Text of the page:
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Whom Gods Destroy

In the desert of the third season this is a brief oasis, despite the fact that it represents something of a remake ("Dagger of the Mind"). The concept certainly rises to the level we've come to expect of Trek, and the script is quite fine. It stumbles in a couple of areas, but ultimately succeeds.

The asylum concept, while not new, is nicely executed here, complete with a well-done gaseous planet surface beyond the control room window. Asylums should probably have some guards which needed to be subdued (they're mentioned briefly but never seen, a major oversight). But starships, while visiting asylums, should definitely have code words, a wonderful concept which fuels the drama (and maybe was learned in that previous episode).

The Garth character is certainly interesting, and his backstory is laid out with unusual skill. Typically, we get it all in one long burst at the beginning of the episode (say, in a Captain's log). But there is so much story there that it simply wouldn't work. So parsing it out in little bits was the only way to do it, and it has the side benefit of keeping the fear of the character growing throughout the episode. Ihnat's performance of the character (along with Shatner's, although not Nimoy's) gets a bit over the top at times. While portraying madness was certainly the goal, controlled madness is always more scary than uncontrolled. The most dangerous and creepy insane villains are the ones who are smart and seem sane. In this regard, Craig's insane Orion dancer (a nice nod to Trek history) is much more convincing because she seems sane at times. The concept of insanity is most frightening when it is portrayed as just over the line from sanity.

Kirk and Spock get a nice brotherly moment, one of the small touches that keeps the characters interesting and growing. The discussion of the relationship, as moderated by a crazy man, reveals differences between the characters based on their reactions (Kirk's is instinctive, Spock's reasoned), but also the fact that 71 episodes together have created such a bond between the characters. Without saying it, the concept seems extended to shipmates not present. It's a nice bit of subtlety.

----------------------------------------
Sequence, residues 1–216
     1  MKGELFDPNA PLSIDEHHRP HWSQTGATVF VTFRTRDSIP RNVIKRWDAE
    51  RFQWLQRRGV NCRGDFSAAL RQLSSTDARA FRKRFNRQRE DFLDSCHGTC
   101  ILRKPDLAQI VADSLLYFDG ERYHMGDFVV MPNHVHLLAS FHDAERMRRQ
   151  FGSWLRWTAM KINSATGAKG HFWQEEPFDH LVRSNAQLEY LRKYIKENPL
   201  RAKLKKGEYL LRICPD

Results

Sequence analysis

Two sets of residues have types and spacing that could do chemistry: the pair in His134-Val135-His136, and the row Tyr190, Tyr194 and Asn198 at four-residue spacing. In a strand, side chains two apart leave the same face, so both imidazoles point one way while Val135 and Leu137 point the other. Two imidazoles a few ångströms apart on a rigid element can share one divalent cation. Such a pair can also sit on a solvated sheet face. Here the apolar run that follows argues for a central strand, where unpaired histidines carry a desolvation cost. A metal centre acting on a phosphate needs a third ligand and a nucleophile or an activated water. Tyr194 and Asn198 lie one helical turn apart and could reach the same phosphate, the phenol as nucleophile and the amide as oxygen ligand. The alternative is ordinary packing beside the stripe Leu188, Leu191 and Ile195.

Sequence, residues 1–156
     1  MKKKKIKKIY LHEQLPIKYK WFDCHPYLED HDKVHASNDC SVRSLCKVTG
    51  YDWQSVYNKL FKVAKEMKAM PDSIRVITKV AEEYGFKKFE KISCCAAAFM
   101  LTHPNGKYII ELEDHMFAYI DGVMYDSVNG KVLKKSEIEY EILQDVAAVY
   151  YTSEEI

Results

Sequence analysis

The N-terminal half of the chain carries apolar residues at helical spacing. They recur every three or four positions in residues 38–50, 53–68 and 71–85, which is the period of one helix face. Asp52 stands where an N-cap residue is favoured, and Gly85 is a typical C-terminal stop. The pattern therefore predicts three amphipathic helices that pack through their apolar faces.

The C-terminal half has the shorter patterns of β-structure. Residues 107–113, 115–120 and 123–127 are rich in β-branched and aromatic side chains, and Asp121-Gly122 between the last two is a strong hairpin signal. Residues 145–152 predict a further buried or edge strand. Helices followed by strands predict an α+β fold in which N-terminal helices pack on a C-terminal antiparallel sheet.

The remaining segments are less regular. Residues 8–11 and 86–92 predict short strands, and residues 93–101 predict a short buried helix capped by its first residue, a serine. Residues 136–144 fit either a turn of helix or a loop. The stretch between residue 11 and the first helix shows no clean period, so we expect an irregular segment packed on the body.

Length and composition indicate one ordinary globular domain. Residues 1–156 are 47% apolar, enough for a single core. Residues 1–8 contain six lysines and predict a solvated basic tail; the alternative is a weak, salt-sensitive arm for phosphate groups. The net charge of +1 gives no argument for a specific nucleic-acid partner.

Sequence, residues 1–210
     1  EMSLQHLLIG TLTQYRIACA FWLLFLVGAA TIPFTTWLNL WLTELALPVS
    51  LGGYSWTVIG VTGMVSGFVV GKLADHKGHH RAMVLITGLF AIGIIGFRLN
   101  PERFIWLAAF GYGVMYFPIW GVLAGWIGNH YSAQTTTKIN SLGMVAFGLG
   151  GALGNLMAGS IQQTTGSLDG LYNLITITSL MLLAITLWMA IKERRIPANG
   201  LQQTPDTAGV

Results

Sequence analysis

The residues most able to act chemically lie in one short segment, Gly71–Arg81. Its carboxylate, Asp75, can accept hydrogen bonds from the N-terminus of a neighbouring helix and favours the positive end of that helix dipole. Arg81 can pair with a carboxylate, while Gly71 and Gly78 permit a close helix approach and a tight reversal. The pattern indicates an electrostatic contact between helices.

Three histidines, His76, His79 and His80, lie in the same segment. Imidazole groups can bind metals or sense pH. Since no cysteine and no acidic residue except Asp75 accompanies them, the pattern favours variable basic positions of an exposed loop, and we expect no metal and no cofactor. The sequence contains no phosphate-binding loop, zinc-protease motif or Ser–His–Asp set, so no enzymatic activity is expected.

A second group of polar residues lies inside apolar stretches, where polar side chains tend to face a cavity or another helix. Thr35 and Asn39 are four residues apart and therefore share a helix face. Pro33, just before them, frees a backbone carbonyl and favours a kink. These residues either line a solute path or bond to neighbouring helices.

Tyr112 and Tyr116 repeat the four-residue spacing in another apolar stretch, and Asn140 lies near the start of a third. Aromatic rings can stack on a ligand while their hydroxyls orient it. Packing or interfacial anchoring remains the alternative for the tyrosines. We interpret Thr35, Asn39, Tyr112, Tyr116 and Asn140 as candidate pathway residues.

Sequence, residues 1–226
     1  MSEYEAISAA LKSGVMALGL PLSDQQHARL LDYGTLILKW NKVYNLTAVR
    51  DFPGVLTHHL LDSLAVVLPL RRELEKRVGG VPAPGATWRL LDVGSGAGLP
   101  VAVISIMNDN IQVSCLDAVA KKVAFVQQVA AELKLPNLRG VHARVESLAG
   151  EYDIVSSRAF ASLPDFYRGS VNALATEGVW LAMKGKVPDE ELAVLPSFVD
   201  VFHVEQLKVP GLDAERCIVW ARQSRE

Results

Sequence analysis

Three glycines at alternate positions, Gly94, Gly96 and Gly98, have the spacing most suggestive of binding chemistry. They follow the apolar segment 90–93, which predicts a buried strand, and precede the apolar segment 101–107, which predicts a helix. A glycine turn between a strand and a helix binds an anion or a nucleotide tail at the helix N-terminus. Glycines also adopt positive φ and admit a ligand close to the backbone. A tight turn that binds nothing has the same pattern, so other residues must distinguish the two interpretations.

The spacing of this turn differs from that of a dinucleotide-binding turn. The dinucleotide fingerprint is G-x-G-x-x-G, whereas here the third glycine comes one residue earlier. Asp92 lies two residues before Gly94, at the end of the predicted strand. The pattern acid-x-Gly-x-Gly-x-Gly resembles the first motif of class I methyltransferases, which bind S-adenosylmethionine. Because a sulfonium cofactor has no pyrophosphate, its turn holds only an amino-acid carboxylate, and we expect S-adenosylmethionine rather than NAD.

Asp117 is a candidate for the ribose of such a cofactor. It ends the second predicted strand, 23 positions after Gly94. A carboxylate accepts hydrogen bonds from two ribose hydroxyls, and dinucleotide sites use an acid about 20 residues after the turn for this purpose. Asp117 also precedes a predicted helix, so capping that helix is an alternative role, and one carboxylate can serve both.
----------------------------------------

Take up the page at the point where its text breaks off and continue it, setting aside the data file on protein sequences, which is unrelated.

The coronation scene gets a bit much, but the random destruction of a character we've come to have some sympathy for is wonderfully merciless. Unfortunately, evil-twinism then takes over -- rarely a welcome concept. Thankfully, this time it's done pretty well. Shatner's double looks enough like him that we actually get shots of both faces while they fight -- and it works. Unfortunately, their bodies aren't that similar, and the shots from behind of them just standing are much less convincing.

But the real capper for the episode is a scene which typically has been thrown out during the third season: the fall-out. Garth, now subdued and humbled, meets Kirk and offers his hand. We actually see that there is some tragedy in the character, and feel just a little bit sorry for him. Of course, this is all broken up by a joke. A year earlier, this episode might have been written as tragedy because the creative team would have allowed us to feel for the loss of someone once-revered. The third season team is more interested in happy endings. It really sums up the difference between the two.

Rating: Middle-Upper (3)


One of my favorite scenes in all of Star Trek wasn't mentioned here. Spock has helped free Kirk and recommends that he beam up to the ship immediately and stands there calmly waiting for Kirk to give the chess code. Shatner's acting here is supreme...the expression on his face...the small inkling of suspicion that sparks in his mind...that this may not be Spock... he then says "Mr. Spock will give the countersign"....then they quickly move away from each other with phasers aimed...I love that scene...can't believe you didn't mention it. I love the way Kirk plays out his sudden suspicion on his face. I wait for that scene and replay it and replay it. I think it is superb! :)

Posted July 28, 2011 05:56 AM by laura Glasgo